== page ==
Samsung makes the move to NVMe affordable with the 960 EVO
A few weeks ago, I covered the Samsung 960 PRO in all its NVMe goodness, but by SSD standards that enhanced speed can come at a high price.
As with most parts in the PC world, you can get silly performance with unlimited funds, or you can throttle back your expectations and pay significantly less.
Requirements: NVMe M.2 slot that can accept a 2280 module
The EVO products in Samsung’s SSD range are exactly that: most of the good stuff but without the cost of PRO for those who want performance within a budget.
Like its PRO big brother, this is a M.2 module in the 2280 size, uses V-NAND flash, LP DDR3 cache and its amazing Polaris controller.
The EVO comes in three capacities: a 1TB, 500GB and the most affordable 250GB that I’ve reviewed here. They all have the same quoted 3,200MB/s read speed, but depending on the capacity, write performance scales from 1500MB/S to 1800MB/S and 1900MB/S on the bigger devices. My tests showed these numbers to be very accurate.
That makes the 250GB option just 21 % slower at writing than the 1TB version, and it’s also much quicker than the previous 950 PRO NVMe 256GB by at least 50% in both reading and writing. To put that in perspective, it’s still six times quicker are reading and triple the write speed of the very best SATA SSD, however you slice and dice those numbers.
And if you thought that the IOPS side of the EVO would be substantially impaired then think again. The 250GB model is still capable of 300,000, the 500GB 330.000 and the 1TB a massive 360.000 IOPS.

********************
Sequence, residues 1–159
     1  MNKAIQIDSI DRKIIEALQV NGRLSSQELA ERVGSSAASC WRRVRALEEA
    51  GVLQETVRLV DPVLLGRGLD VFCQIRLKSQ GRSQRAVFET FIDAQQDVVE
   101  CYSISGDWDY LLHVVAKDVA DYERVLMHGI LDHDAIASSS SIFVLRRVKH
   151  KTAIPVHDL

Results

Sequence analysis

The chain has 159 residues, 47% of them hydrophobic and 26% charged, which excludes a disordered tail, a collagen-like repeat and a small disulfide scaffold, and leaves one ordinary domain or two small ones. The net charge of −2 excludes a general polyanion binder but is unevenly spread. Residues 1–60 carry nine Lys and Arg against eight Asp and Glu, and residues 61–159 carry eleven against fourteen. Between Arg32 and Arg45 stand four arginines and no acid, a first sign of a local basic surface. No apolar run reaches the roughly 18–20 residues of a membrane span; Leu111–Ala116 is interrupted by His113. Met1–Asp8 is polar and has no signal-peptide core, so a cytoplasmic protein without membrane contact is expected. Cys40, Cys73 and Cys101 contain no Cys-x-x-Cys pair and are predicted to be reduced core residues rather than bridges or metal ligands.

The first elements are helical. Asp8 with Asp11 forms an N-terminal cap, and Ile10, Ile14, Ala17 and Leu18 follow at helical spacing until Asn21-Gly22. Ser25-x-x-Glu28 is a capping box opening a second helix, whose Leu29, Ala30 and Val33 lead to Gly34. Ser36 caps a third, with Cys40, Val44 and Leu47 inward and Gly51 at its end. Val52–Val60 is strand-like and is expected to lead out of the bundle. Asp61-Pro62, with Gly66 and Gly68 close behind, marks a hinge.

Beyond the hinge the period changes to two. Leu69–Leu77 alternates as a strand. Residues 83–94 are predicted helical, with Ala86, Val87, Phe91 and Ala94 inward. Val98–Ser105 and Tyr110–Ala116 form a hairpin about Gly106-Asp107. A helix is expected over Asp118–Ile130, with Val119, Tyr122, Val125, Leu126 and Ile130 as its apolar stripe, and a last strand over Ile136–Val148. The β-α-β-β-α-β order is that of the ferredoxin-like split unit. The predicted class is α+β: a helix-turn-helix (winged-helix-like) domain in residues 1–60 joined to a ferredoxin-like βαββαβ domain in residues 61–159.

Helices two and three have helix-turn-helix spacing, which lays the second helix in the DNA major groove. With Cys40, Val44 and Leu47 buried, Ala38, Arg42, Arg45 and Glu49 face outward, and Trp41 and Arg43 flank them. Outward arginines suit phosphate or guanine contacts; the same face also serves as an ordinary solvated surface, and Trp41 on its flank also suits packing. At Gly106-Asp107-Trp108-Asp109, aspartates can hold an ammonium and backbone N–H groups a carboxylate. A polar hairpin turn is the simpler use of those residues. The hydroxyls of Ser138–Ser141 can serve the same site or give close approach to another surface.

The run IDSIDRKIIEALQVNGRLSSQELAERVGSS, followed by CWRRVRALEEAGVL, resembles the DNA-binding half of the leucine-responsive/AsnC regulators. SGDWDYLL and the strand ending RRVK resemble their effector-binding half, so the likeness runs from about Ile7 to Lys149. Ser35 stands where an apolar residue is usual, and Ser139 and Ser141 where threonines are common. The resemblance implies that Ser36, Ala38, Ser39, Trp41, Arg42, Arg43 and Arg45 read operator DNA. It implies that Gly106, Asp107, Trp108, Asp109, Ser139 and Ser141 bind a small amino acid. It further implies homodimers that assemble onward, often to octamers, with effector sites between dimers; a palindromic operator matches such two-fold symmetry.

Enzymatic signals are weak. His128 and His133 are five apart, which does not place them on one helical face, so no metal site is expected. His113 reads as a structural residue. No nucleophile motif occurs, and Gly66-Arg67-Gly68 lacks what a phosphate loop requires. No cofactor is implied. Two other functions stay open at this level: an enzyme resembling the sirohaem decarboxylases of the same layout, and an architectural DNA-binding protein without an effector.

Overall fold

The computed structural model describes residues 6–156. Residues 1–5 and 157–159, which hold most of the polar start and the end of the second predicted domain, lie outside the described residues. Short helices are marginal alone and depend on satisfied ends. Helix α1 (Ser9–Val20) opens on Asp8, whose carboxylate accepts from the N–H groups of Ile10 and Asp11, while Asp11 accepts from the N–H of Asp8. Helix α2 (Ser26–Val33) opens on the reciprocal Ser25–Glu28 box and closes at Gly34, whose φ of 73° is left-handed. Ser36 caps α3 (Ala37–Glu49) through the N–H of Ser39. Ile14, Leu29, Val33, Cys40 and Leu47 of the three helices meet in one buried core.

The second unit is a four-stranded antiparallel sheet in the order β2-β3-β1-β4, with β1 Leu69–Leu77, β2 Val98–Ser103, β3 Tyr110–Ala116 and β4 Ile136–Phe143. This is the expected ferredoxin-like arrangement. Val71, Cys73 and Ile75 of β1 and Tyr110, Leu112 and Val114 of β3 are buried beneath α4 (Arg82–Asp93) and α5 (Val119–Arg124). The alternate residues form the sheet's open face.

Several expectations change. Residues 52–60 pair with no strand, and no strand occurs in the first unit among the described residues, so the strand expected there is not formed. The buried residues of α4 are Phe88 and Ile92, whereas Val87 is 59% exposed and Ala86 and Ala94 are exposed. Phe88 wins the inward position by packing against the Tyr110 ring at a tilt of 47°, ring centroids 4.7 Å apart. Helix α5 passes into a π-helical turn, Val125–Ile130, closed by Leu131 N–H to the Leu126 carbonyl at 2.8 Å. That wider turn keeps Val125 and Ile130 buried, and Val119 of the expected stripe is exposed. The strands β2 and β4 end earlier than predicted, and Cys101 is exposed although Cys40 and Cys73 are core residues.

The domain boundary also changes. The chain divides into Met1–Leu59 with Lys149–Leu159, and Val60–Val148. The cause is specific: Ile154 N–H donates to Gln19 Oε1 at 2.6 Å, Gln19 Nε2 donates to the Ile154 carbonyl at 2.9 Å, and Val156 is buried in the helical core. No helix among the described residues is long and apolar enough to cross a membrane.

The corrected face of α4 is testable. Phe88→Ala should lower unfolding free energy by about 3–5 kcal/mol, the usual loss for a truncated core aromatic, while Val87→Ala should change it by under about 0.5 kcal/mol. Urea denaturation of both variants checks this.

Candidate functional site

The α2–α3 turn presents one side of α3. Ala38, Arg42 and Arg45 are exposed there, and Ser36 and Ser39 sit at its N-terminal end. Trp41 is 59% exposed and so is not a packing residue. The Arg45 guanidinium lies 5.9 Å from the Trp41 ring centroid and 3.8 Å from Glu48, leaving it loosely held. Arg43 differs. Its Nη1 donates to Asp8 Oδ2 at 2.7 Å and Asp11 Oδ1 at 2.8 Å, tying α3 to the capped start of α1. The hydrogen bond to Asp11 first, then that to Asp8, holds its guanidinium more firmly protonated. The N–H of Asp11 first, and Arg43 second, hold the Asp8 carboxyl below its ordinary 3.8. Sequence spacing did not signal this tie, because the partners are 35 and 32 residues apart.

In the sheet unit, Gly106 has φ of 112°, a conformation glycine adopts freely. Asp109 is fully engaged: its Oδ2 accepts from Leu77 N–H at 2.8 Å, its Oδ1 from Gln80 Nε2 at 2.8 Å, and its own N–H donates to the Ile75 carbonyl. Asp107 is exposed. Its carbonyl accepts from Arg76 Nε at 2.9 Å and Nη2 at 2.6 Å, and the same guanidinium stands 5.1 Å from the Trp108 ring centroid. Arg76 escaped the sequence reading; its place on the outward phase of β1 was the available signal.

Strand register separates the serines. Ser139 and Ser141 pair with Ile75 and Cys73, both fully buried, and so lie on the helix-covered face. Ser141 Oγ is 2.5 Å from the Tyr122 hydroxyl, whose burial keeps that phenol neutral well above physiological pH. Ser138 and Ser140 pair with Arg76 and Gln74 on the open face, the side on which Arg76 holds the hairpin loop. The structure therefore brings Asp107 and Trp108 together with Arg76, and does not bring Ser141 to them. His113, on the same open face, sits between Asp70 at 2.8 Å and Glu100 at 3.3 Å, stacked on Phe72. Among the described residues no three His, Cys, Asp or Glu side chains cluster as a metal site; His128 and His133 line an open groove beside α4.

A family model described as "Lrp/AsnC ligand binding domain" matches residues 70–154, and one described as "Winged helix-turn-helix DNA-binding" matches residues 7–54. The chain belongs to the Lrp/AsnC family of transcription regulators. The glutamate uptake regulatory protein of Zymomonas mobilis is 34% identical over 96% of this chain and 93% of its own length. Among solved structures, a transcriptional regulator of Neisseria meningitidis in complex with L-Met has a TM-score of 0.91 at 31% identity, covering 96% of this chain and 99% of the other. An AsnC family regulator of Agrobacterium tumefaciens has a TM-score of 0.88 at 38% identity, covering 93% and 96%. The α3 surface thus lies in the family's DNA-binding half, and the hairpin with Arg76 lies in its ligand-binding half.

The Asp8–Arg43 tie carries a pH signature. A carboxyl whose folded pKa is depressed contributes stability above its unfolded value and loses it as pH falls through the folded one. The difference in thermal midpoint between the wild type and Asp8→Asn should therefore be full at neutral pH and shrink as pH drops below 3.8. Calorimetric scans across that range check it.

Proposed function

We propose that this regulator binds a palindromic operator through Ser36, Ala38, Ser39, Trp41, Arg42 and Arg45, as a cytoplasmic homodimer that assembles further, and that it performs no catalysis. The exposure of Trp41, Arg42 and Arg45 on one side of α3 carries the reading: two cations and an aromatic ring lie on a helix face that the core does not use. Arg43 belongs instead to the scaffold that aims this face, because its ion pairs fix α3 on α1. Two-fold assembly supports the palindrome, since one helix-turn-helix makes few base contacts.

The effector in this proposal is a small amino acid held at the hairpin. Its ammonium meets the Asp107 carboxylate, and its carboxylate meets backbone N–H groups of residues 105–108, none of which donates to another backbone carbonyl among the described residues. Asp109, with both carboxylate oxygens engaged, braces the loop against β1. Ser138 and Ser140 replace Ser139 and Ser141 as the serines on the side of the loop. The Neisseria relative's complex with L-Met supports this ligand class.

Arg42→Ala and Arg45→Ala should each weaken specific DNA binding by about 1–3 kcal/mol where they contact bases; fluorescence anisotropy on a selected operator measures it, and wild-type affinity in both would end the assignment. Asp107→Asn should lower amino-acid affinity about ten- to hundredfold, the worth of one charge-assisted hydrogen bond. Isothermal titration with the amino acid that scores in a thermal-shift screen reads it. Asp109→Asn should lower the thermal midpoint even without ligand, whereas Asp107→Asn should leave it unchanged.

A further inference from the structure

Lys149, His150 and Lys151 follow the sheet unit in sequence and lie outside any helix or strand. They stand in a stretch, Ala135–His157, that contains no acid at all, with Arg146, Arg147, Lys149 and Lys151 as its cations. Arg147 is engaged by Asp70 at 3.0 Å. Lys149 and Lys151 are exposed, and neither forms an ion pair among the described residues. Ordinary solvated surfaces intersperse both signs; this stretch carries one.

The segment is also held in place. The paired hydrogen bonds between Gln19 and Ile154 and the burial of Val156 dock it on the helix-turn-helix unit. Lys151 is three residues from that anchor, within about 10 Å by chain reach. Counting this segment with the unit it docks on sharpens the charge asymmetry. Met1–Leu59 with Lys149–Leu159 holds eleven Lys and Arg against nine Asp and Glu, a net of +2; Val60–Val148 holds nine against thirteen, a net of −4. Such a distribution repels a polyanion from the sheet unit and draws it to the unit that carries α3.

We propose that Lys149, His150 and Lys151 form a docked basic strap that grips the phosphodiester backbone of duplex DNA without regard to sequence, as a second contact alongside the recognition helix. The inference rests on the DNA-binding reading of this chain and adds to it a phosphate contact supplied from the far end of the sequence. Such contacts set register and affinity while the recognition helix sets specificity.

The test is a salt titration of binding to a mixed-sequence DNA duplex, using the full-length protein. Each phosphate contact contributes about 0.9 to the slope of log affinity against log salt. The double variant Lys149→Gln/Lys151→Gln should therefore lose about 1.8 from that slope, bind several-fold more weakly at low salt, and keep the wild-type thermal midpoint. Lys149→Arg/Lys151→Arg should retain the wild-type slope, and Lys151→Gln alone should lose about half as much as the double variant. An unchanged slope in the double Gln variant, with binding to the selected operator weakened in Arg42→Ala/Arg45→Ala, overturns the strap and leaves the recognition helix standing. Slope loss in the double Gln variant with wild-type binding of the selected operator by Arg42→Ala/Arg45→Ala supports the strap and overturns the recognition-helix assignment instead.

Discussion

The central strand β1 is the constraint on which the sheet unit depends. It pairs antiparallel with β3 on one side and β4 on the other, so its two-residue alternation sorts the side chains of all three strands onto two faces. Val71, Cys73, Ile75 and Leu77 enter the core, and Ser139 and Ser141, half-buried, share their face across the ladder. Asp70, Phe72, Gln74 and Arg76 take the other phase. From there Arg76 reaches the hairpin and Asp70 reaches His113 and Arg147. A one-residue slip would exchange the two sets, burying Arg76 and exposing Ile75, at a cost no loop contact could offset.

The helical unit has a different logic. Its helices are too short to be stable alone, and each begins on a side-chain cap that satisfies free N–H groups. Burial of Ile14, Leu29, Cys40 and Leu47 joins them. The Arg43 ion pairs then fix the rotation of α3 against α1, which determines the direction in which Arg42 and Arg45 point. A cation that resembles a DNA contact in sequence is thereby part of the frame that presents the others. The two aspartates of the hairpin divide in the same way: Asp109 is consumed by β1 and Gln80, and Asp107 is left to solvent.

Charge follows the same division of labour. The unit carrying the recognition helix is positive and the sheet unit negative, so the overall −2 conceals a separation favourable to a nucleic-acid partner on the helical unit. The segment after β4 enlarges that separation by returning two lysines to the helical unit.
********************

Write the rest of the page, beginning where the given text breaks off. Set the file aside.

So if you get most of the performance of the 960 PRO and it costs less, what’s the catch? There is a minor one and it’s to do with the reliability of the modules as defined by TBW (total bytes written).
Where the PRO series offers 400TBW, 800TBW and 1200TBW on its 512GB, 1TB and 2TB capacities respectively, the EVO can only muster 100TBW, 200TBW and 400 TBW on its three sizes. That also has the effect of dropping the warranty period from five to three years for the EVO.
100TBW over three years is still about 133GB per working day or ten years at a typical 40GB per day for a well-worked system. But the hint, if you didn’t get it, is that if you want reliability, then the PRO should be your weapon of choice.
In terms of the EVO, the 250GB represents the worst value for money at about 56p per gigabyte, where the 500GB is 50p per gigabyte and the 1TB just 47p.
If you compare this drive with the 850 EVO 250GB SATA SSD, it’s only about £20 more and as good a justification for embracing M.2 NVMe as I can currently imagine.
However, it’s worth mentioning that these are preorder prices, and once volume parts hit the streets, these numbers might radically change.
As with previous EVO-branded products from Samsung, these are likely to be hugely popular among those who pay for their own equipment, even if they’re slightly overshadowed in performance and reliability by the 960 PRO series, mm Mark Pickavance
Amazing performance for barely more than a SATA EVO